8

\left and \right are convenient but sometimes they're a bit overeager in stretching the parentheses. In that case we can manually use \bigl, \Bigl, etc.

I have defined a new command like this

\newcommand{\avg}[1]{\ensuremath{\left\langle #1 \right\ranlge}}

I would like this command to have automatic stretching, but I don't want this mechanism to kick in too early. With this definition, \avg{x^2} already has bigger brackets than \avg{x}. I would prefer not to use stretching at this level at all. I would, however, like it to use stretching for \avg{\frac{x}{2}} in display mode. Something like this would be nice: 1. don't stretch at all in inline math 2. do stretch as normal above a certain size threshold in display math, but not below this threshold.

Is there an easy way to implement this? Perhaps it's less trouble to use \left\langle ... \right\rangle manually when I really need stretching.

  • Possible duplicate: Sloppy \left and \right? – Werner May 13 '13 at 4:54
  • 1
    @Werner It's not a duplicate. I can accept "this is too much trouble to do" as an answer, but note that I did mention \bigl et al in the question. This question is about how to set a size threshold for automatic resizing below which brackets are not resized at all. – Szabolcs May 13 '13 at 5:44
6

enter image description here

You can set \delimiterfactor to delay the start of stretching, however even if the brackets don't stretch, \left \right makes a math inner atom which affects the horizontal spacing (and prevents linebreaking).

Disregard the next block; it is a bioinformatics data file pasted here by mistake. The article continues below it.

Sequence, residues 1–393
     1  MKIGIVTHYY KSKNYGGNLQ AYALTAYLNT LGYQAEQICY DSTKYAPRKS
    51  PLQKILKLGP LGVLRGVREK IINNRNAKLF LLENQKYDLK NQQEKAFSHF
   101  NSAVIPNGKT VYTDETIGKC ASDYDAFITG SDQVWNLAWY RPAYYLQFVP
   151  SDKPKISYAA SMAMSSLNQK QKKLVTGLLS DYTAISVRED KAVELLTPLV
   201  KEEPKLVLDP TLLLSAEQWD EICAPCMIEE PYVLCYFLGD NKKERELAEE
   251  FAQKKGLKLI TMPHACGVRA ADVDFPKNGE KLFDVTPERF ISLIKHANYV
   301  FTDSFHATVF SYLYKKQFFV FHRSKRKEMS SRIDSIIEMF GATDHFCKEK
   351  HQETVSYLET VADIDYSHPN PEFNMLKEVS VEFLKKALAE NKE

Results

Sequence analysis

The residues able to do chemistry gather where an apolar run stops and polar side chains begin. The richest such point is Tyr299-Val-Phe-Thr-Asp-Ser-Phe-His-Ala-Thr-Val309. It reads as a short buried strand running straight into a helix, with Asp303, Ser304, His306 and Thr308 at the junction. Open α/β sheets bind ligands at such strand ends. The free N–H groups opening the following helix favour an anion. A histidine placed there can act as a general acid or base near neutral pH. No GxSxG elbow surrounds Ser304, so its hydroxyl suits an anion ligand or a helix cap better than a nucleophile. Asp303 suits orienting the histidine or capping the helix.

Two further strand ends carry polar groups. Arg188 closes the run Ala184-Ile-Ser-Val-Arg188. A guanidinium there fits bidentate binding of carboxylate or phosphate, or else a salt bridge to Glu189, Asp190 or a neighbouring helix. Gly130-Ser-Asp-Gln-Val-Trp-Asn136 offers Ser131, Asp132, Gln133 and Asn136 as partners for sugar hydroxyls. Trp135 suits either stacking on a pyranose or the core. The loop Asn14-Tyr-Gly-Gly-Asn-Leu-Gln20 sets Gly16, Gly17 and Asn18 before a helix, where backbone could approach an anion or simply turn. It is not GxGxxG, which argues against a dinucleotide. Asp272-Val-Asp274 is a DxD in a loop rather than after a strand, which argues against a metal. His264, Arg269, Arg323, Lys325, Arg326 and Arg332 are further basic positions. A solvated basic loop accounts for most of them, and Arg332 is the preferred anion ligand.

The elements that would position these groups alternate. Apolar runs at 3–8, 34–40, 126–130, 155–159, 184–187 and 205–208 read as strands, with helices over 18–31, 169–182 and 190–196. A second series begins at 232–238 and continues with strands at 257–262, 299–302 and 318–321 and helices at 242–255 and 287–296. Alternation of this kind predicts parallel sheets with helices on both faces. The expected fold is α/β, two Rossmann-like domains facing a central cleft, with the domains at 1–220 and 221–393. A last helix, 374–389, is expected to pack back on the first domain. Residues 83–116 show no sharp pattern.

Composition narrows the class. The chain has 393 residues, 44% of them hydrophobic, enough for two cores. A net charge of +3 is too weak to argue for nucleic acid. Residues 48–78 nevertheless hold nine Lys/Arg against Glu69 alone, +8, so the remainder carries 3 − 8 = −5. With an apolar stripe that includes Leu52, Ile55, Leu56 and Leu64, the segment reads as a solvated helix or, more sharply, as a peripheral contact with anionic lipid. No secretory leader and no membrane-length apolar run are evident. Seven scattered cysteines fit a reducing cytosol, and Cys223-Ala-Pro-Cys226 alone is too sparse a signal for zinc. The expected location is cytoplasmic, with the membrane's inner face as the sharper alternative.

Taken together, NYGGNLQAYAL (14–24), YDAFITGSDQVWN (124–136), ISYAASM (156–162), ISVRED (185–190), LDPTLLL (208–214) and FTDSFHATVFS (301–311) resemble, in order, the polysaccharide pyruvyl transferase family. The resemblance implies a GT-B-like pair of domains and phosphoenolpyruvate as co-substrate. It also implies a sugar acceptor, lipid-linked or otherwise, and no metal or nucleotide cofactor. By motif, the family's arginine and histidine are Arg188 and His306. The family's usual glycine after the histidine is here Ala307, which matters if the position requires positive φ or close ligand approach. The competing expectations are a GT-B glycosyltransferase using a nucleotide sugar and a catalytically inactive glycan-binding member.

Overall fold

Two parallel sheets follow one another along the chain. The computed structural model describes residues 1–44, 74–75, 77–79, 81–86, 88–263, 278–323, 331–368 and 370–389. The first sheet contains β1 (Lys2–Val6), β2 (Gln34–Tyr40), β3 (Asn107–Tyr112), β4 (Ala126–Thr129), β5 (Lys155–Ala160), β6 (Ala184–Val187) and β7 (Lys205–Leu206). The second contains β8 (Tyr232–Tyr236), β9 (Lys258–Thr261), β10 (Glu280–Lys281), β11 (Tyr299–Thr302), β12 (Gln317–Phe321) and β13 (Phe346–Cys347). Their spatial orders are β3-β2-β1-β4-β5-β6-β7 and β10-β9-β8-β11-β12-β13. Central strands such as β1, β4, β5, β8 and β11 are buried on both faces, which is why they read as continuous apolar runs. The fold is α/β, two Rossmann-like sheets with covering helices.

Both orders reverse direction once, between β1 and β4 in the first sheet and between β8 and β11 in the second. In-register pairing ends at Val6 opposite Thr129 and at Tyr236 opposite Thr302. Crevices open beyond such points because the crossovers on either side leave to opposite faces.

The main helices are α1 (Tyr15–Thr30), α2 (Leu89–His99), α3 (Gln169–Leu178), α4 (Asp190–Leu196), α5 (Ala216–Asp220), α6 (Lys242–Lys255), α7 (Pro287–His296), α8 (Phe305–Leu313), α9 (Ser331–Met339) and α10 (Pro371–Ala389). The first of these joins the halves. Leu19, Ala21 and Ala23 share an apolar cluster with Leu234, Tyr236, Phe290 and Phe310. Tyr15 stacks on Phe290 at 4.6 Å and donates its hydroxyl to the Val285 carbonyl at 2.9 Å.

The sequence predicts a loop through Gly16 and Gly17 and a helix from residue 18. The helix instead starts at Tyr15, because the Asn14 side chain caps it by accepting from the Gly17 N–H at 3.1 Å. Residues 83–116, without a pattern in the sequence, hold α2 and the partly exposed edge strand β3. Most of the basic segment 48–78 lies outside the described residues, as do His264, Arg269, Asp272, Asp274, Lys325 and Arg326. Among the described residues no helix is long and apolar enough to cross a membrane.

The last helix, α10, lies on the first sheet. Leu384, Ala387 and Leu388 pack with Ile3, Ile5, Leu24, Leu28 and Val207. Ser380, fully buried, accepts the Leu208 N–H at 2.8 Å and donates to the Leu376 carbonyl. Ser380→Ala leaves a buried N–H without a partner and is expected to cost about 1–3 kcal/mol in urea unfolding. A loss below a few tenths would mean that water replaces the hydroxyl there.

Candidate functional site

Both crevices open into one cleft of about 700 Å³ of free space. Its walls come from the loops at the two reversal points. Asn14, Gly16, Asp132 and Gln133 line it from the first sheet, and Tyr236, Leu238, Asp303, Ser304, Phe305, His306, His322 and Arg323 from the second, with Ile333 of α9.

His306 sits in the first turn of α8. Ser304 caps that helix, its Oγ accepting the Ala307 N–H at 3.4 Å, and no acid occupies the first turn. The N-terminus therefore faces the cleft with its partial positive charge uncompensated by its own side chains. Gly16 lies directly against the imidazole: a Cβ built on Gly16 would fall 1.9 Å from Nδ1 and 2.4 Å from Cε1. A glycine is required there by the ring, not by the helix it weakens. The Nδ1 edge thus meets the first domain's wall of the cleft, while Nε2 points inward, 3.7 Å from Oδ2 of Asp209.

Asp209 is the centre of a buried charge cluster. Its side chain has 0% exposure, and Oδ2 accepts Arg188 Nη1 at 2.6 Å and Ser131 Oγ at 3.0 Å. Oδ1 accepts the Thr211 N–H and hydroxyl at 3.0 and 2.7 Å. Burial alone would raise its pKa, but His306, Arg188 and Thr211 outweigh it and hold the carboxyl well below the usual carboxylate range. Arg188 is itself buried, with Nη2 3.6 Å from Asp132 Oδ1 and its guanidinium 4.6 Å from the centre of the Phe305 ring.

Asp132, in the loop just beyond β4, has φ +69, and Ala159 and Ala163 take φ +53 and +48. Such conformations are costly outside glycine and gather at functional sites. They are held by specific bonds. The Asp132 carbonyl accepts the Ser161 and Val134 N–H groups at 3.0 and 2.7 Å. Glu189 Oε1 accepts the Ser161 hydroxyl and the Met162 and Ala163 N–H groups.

(plain tex)

\def\x#1{\left({\vrule height#1pt}_{#1}a+b\right)}

$\x{08}\x{10}\x{12}\x{14}\x{16}\x{20}\x{24}$

{\delimiterfactor400
\delimitershortfall\maxdimen
$\x{08}\x{10}\x{12}\x{14}\x{16}\x{20}\x{24}$
}

\def\x#1{({\vrule height#1pt}_{#1}a+b)}
$\x{08}\x{10}\x{12}\x{14}\x{16}\x{20}\x{24}$

\bye

In a real example you would set \delimitershortfall to a smaller length to stop the brackets getting too small, set to \maxdimen here to highlight the effect.

6

Here is a fairly naive solution that has not been extensively tested:

enter image description here

\documentclass{article}
\usepackage{mathstyle}% http://ctan.org/pkg/mathstyle
\usepackage{multido}% http://ctan.org/pkg/multido (just for this example)
\makeatletter
\newcommand{\getmathstyle}{% https://tex.stackexchange.com/a/78874/5764
  \global\edef\curmathstyle{%
    \expandafter\@gobble\mathchoice{\@@displaystyle}{\@@textstyle}{\@@scriptstyle}{\@@scriptscriptstyle}}
}
\makeatother
\let\oldleft\left
\def\left#1#2\right#3{
  \getmathstyle\sbox0{$\curmathstyle#2$}
  \ifdim\ht0<20pt\relax
    #1#2#3
  \else
    \oldleft#1#2\right#3
  \fi
}
\begin{document}

$\multido{\i=10+2}{10}{
  \begin{array}{c}
    \texttt{\i pt} \\
    \left(\rule{1pt}{\i pt}\right)%
    \rule[-30pt]{0pt}{60pt}% Add a strut for visual clarity
  \end{array}
}$

\end{document}

The threshold for switching to the regular \left...\right usage is 20pt (changeable, of course). I'm not comfortable dealing with TeX primitives, so use of this solution is heavily cautioned.

The choice of math style capture is taken from How to capture the current math style?

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